Jacob Knight’s review published on Letterboxd:
When you're a kid, you look at your dad and that's how you know him: "dad". He's the smartest, bravest, funniest, most charming man you've ever met. He puts food on your table, loves your mom and your siblings, and tells those who mess with your family to piss off. Yet you don't really know "dad" beyond his role or what he means to your still developing sense of emotional awareness. You don't know what makes dad tick, just what he represents to you and those around you.
That's honestly how I feel when I watch many bigger, broader films like RAIDERS and the "blockbusters" Spielberg helped spawn. There's a boatload of technical brilliance on display, working to create this really spectacular facade, and the mechanics of the story are perfectly placed, setting up and paying off like clockwork. But even the emotional beats are in service of creating these looming archetypes instead of actual human characters. I understand Indiana's code, but I don't know what it means to him beyond "history is important". And that's how the rest of the movie's character moments are announced: via a bullhorn to reach the back row.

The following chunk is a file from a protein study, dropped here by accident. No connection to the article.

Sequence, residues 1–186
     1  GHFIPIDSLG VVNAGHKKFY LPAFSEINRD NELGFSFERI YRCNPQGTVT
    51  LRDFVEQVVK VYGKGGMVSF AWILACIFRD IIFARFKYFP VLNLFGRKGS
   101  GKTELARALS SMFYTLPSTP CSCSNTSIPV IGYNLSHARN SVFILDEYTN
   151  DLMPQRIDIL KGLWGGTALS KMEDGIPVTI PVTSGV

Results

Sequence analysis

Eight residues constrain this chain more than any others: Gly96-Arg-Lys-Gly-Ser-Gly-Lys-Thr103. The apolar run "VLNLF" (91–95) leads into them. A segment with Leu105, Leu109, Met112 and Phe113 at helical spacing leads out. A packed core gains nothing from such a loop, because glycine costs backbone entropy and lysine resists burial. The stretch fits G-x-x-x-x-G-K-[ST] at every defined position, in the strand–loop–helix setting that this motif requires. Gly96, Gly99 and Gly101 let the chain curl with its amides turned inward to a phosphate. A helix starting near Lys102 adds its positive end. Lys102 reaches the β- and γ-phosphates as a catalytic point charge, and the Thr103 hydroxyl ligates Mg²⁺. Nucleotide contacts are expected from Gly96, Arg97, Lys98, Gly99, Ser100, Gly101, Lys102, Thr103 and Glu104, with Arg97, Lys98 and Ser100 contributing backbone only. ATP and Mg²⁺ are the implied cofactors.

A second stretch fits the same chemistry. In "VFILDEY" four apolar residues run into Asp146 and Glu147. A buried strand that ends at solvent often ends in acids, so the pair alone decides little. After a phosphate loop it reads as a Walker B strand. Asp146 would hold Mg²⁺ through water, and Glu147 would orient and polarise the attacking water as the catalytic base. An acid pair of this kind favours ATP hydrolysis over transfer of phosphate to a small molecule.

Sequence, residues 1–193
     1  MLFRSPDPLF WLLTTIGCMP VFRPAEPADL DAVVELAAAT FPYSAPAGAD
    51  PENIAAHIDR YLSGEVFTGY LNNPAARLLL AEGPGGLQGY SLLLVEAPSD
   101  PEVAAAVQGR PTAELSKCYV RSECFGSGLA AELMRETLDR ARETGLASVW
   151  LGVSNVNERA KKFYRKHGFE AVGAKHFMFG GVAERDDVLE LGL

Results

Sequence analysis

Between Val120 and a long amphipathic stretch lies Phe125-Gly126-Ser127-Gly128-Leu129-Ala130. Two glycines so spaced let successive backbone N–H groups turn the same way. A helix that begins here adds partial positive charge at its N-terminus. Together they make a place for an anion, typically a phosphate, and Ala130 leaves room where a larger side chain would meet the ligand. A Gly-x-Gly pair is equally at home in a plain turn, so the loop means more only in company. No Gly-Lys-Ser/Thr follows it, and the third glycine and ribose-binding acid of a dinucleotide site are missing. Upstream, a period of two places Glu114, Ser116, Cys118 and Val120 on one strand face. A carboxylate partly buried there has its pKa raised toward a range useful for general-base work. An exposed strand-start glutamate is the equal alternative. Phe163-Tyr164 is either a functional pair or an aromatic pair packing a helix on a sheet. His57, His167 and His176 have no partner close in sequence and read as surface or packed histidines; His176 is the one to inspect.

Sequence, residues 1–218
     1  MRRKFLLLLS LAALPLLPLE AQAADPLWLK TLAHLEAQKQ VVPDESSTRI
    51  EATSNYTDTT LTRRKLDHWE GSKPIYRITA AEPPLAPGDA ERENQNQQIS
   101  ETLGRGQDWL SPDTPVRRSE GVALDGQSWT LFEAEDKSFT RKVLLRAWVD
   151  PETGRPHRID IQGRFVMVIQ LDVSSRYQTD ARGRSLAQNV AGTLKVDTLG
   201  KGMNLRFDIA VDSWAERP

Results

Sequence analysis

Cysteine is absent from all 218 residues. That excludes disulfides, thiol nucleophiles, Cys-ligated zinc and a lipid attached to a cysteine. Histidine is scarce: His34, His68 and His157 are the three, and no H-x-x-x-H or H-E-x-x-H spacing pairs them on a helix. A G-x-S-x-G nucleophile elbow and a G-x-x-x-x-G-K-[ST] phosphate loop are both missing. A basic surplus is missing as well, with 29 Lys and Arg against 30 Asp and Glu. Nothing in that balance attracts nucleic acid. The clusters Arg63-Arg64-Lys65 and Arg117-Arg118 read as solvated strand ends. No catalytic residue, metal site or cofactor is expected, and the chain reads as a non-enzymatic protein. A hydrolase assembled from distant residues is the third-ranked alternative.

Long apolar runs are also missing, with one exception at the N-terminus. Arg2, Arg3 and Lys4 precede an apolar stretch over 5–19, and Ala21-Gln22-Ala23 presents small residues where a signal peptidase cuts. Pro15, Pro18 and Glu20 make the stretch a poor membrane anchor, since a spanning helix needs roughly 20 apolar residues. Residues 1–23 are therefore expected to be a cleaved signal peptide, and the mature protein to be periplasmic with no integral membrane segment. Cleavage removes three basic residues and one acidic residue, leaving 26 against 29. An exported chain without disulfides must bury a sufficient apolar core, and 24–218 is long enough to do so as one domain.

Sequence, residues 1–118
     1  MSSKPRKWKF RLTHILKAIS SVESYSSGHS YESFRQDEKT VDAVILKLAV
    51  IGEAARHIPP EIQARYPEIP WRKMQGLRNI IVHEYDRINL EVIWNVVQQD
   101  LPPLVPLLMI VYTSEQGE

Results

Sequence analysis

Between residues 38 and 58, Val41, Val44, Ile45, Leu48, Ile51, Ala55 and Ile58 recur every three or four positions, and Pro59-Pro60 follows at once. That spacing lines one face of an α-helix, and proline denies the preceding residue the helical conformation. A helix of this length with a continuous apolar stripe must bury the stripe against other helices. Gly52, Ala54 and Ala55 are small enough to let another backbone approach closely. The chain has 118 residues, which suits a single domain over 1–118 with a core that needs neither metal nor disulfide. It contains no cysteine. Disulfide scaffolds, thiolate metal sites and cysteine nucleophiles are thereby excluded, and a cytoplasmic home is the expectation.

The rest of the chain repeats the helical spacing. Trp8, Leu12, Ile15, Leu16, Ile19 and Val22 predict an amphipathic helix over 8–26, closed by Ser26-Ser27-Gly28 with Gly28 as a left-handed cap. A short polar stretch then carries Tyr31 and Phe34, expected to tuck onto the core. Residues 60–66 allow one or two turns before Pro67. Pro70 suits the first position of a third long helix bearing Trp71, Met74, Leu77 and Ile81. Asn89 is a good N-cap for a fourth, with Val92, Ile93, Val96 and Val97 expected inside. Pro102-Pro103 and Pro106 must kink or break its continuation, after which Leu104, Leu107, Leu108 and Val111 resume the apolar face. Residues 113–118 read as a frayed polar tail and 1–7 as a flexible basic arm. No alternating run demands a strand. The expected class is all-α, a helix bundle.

That's not to say I demand some broad origin story, clueing me into just how Dr. Jones' appreciation of the past evolved into his guiding light; any more than I want to know why Chief Brody is terrified of the water. However, I also get to see Chief Brody genuinely worry about his children once Amity Island is terrorized by Bruce the Shark. No such dimension is ever really given to Indiana -- he's a perfectly sketched hangdog hero whose cartoonishness keeps me at arm's length, just like the rest of the picture's "serial" aesthetics. Obviously RAIDERS and JAWS are aiming at slightly different targets, but both are also tapping into a grand sense of "adventure". Yet only one stops to give you an empathetic moment(s) that doesn't revolve around reinforcing its protagonist's heroism.
Keep in mind that none of this is meant to imply that RAIDERS is "bad". Spielberg has crafted a superlative slice of pop entertainment that would become iconic to the point where even parodies lost their bite because we knew the score so well. It just doesn't click with me, and this is my brain trying to sort out exactly why that is. Filed under: odd man out.